Introduction to Oscillation Theory

  • Ravi P. Agarwal
  • Leonid Berezansky
  • Elena Braverman
  • Alexander Domoshnitsky


The first chapter starts with an introduction to the theory of autonomous delay differential equations: existence and uniqueness, representation of solutions which uses basic notions and methods (no knowledge of advanced analysis is required to understand this chapter). However, many of the ideas which will be used later, such as the characteristic equations, characteristic inequalities, the study of the sign of the fundamental function, properties which are equivalent to nonoscillation, application of the solution representations, are introduced in this chapter using autonomous equations. A simple example demonstrates that the properties of equations with coefficients of different signs are more complicated than of autonomous equations with positive coefficients.

The basic linearization principles are presented for nonlinear autonomous models, and several important equations of mathematical biology are introduced. These applied models include not only Hutchinson’s, Lasota-Wazewska, Nicholson’s blowflies and Mackey-Glass equations, but also the autonomous analogues of their generalizations which will later be studied in the monograph.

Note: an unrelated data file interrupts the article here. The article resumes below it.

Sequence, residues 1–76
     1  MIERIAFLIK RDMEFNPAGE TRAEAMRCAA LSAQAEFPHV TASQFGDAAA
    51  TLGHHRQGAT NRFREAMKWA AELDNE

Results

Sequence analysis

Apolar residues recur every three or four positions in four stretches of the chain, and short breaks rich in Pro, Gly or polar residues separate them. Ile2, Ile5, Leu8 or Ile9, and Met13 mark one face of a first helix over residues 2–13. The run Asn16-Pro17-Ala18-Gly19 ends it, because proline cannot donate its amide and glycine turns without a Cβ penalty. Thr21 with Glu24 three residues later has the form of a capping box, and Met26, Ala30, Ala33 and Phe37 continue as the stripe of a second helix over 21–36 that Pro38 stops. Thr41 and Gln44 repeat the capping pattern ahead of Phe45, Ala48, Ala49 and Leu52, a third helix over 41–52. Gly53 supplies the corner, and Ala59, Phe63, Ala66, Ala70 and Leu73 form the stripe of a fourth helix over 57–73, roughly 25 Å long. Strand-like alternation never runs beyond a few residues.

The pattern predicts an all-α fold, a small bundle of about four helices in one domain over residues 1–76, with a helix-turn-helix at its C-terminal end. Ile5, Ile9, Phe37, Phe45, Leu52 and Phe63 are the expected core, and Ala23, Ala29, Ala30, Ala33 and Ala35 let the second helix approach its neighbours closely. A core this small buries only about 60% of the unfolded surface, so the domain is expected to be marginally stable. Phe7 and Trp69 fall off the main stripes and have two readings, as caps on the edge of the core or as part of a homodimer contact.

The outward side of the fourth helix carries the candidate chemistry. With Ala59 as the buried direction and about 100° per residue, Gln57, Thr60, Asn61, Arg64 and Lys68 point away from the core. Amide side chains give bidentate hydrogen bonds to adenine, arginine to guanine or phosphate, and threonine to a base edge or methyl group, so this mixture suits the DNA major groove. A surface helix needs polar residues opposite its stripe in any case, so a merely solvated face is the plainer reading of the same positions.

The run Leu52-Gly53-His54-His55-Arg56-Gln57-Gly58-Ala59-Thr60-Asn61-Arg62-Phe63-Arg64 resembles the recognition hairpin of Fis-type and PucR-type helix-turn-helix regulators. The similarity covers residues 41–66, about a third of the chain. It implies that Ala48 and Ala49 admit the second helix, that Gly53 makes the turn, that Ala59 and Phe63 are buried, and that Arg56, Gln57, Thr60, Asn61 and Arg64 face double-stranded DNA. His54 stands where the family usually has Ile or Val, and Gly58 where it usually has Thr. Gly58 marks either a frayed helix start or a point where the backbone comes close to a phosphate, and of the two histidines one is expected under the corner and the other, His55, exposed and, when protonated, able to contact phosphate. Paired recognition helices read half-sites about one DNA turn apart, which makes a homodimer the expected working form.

For a linear autonomous impulsive equation, the idea of the construction of a non-impulsive equation with discontinuous coefficients such that oscillation properties of solutions are preserved, is introduced using a simple example where an analytic solution can be constructed. Nevertheless, this idea will be used later to analyze more complicated impulsive models.

Finally, autonomous versions of all the other equations which will be studied in the monograph (integrodifferential and mixed equations, as well as equations with a distributed delay) are introduced. Some of the theorems are presented without proofs, with the references to the next chapters where more general results will be justified. Overall, the material of the chapter should be easily understood by undergraduate students who completed a basic course in the ordinary differential equations.


Delay Differential Equation Positive Equilibrium Nonoscillatory Solution Capita Growth Rate Autonomous Equation 
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Copyright information

© Springer Science+Business Media, LLC 2012

Authors and Affiliations

  • Ravi P. Agarwal
    • 1
  • Leonid Berezansky
    • 2
  • Elena Braverman
    • 3
  • Alexander Domoshnitsky
    • 4
  1. 1.Department of MathematicsTexas A&M University—KingsvilleKingsvilleUSA
  2. 2.Department of MathematicsBen-Gurion University of the NegevBeer-ShevaIsrael
  3. 3.Department of MathematicsUniversity of CalgaryCalgaryCanada
  4. 4.Department of Computer Sciences and MathematicsAriel University Center of SamariaArielIsrael

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